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Your current location is:HOME > NEWSWhat is Ozone

What is Ozone
time:2015-10-05 16:25:07

What is Ozone

Ozone is an inorganic molecule with the chemical formula O2. It is a pale blue gas with a distinctively pungent smell. It is an allotrope of oxygen that is much less stable than the diatomic allotrope O2, breaking down in the lower atmosphere to normal dioxygen. Ozone is formed from dioxygen by the action of ultraviolet light and also atmospheric electrical discharges, and is present in low concentrations throughout the Earth's atmosphere. In total, ozone makes up only 0.6ppm of the atmosphere.

Ozone's odor is sharp, reminiscent of chlorine, and detectable by many people at concentrations of as little as 10ppb in air. Ozone's O3 formula was determined in 1865. The molecule was later proven to have a bent structure and to be diamagnetic. In standard conditions, ozone is a pale blue gas that condenses at progressively cryogenic temperatures to a dark blu liquide and finally a violet-black solid. Ozone's instability with regard to more common dioxygen is such that both concentrated gas and liquid ozone may decompose explosively. It is therefore used commercially only in low concentrations.

Ozone is a powerful oxidizing agent, far stronger than O2. It is also unstable at high concentrations, decaying to ordinary diatomic oxygen. It has a varying length half-life (meaning half as concentrated, or half-depleted), depending upon atmospheric conditions (temperature, humidity, and air movement).

Ozone is a powerful oxidant and has many industrial and consumer applications related to oxidation. This same high oxidizing potential, however, causes ozone to damage mucus and respiratory tissues in animals, and also tissues in plants, above concentrations of about 100 ppb. This makes ozone a potent respiratory hazard and pollutant near ground level. However, the so-called ozone layer is beneficial, preventing damaging ultraviolet light from reaching the Earth's surface, to the benefit of both plants and animals.

Ozone often forms in nature under conditions where O2 will not react. Ozone used in industry is measured in μmol/mol (ppm, parts per million), nmol/mol (ppb, parts per billion), μg/m3, mg/h (milligrams per hour) or weight percent. The regime of applied concentrations ranges from 1 to 5% in air and from 6 to 14% in oxygen for older generation methods. New electrolytic methods can achieve up 20 to 30% dissolved ozone concentrations in output water.


Ozone cannot be stored and transported like other industrial gases (because it quickly decays into diatomic oxygen) and must therefore be produced on site. Temperature and humidity plays a large role in how much ozone is being produced using traditional generation methods such as corona discharge and ultraviolet light.

Corona discharge method

This is the most common type of ozone generator for most industrial and personal uses. While variations of the "hot spark" coronal discharge method of ozone production exist, including medical grade and industrial grade ozone generators, these units usually work by means of a corona discharge tube. They are typically cost-effective and do not require an oxygen source other than the ambient air to produce ozone concentrations of 3–6%. Fluctuations in ambient air, due to weather or other environmental conditions, cause variability in ozone production.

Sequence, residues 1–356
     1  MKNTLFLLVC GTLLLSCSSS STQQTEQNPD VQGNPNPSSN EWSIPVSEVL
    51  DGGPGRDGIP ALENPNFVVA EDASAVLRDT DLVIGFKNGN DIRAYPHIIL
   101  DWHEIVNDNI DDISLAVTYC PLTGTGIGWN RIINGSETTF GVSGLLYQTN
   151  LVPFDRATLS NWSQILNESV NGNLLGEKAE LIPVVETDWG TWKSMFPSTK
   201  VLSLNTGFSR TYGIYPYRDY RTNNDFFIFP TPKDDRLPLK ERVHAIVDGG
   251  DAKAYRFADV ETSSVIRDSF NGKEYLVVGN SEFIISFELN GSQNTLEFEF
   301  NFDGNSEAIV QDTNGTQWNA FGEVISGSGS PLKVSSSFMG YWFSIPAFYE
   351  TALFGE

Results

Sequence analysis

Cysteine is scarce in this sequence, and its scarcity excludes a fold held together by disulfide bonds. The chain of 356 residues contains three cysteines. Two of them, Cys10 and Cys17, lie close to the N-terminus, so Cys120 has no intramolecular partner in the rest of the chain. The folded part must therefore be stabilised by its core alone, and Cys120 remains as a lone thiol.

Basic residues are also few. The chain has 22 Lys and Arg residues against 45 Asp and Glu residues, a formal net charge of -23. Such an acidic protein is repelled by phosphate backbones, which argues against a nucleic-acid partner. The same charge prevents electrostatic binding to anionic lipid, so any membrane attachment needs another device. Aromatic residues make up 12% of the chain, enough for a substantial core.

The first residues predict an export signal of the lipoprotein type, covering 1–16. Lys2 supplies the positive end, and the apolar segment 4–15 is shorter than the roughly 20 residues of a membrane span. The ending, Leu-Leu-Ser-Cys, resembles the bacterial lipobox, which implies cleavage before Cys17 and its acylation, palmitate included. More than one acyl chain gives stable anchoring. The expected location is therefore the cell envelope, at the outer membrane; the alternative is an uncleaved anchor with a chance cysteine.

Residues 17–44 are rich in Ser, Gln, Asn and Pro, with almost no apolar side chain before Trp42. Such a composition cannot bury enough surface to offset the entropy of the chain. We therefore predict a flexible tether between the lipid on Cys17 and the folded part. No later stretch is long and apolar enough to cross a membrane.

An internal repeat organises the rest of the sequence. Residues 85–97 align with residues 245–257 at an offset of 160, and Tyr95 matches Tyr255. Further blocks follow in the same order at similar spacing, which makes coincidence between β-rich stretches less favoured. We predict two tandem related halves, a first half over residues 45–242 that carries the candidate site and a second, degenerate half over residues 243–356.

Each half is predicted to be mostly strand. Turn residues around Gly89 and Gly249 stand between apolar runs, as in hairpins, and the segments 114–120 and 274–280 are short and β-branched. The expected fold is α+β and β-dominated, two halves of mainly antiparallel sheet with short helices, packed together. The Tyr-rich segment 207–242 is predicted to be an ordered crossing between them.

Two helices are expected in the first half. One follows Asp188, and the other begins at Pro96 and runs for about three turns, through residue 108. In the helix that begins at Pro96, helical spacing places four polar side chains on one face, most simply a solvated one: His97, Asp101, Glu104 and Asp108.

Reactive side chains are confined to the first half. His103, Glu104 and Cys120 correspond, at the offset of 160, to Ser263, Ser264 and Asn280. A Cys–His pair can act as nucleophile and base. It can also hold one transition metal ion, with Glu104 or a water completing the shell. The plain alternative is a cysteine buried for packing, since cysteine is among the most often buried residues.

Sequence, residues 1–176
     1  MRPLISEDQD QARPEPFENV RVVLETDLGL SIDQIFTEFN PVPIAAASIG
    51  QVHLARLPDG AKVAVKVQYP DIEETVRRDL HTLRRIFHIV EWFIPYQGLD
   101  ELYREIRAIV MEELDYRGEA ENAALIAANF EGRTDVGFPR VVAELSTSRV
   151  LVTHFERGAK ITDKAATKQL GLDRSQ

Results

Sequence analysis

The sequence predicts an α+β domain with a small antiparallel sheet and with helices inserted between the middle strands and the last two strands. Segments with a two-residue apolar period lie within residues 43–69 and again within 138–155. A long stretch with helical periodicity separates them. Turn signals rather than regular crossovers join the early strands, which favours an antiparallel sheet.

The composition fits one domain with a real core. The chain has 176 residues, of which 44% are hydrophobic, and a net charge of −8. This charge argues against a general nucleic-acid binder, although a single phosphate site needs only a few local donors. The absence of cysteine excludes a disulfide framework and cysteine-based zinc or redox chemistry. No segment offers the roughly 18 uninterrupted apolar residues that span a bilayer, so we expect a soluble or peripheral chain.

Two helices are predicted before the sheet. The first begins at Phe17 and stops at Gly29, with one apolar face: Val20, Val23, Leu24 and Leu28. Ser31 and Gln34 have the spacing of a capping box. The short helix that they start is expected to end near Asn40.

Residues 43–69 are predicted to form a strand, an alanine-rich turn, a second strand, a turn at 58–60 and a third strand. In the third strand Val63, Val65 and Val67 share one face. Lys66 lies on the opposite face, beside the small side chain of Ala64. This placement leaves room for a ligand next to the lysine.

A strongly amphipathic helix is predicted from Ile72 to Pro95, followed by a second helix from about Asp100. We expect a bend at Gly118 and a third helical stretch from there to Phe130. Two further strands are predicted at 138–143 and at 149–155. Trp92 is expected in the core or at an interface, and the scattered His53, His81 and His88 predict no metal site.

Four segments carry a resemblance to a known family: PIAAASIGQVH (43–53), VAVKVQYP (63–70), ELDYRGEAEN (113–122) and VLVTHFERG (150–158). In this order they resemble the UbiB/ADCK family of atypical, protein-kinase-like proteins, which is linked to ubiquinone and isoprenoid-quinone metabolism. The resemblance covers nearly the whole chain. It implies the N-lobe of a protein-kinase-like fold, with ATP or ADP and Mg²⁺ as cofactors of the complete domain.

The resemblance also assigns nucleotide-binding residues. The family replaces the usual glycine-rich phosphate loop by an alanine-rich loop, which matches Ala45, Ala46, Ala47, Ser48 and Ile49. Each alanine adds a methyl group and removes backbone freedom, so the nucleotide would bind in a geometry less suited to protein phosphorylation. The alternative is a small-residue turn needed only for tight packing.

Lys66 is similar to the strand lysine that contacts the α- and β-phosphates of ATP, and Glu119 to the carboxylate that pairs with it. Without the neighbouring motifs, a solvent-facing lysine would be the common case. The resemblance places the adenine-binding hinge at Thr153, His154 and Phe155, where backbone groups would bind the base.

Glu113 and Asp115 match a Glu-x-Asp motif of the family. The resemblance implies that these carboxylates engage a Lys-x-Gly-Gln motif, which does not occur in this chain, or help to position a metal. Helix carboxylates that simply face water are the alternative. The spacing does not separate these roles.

Ultraviolet light

UV ozone generators, or vacuum-ultraviolet (VUV) ozone generators, employ a light source that generates a narrow-brand ultraviolet light, a subset of that produced by the sun. The Sun's UV sustains the ozone layer in the stratosphere of earth.

While standard UV ozone generators tend to be less expensive, they usually produce ozone with a concentration of about 0.5% or lower. Another disadvantage of this method is that it requires the air (oxygen) to be exposed to the UV source for a longer amount of time, and any gas that is not exposed to the UV source will not be treated.

Cold plasma

In the cold plasma method, pure oxygen gas is exposed to plasma created by dielectric barrier discharge. The diatomic oxygen is split into single atoms, which then recombine in triplets to form ozone.

Cold plasma machines utilize pure oxygen as the input source and produce a maximum concentration of about 5% ozone. They produce far greater quantities of ozone in a given space of time compared to ultraviolet production. However, because cold plasma ozone generators are very expensive, they are found less frequently than the previous two types.


Electrolytic ozone generation (EOG) splits water molecules into H2, O2, and O3. In most EOG methods, the hydrogen gas will be removed to leave oxygen and ozone as the only reaction products. Therefore, EOG can achieve higher dissolution in water without other competing gases found in corona discharge method, such as nitrogen gases present in ambient air. This method of generation can achieve concentrations of 20–30% and is independent of air quality because water is used as the source material. Production of ozone electrolytically is typically unfavorable because of the high overpotential required to produce ozone as compared to oxygen. This is why ozone is not produced during typical water electrolysis.


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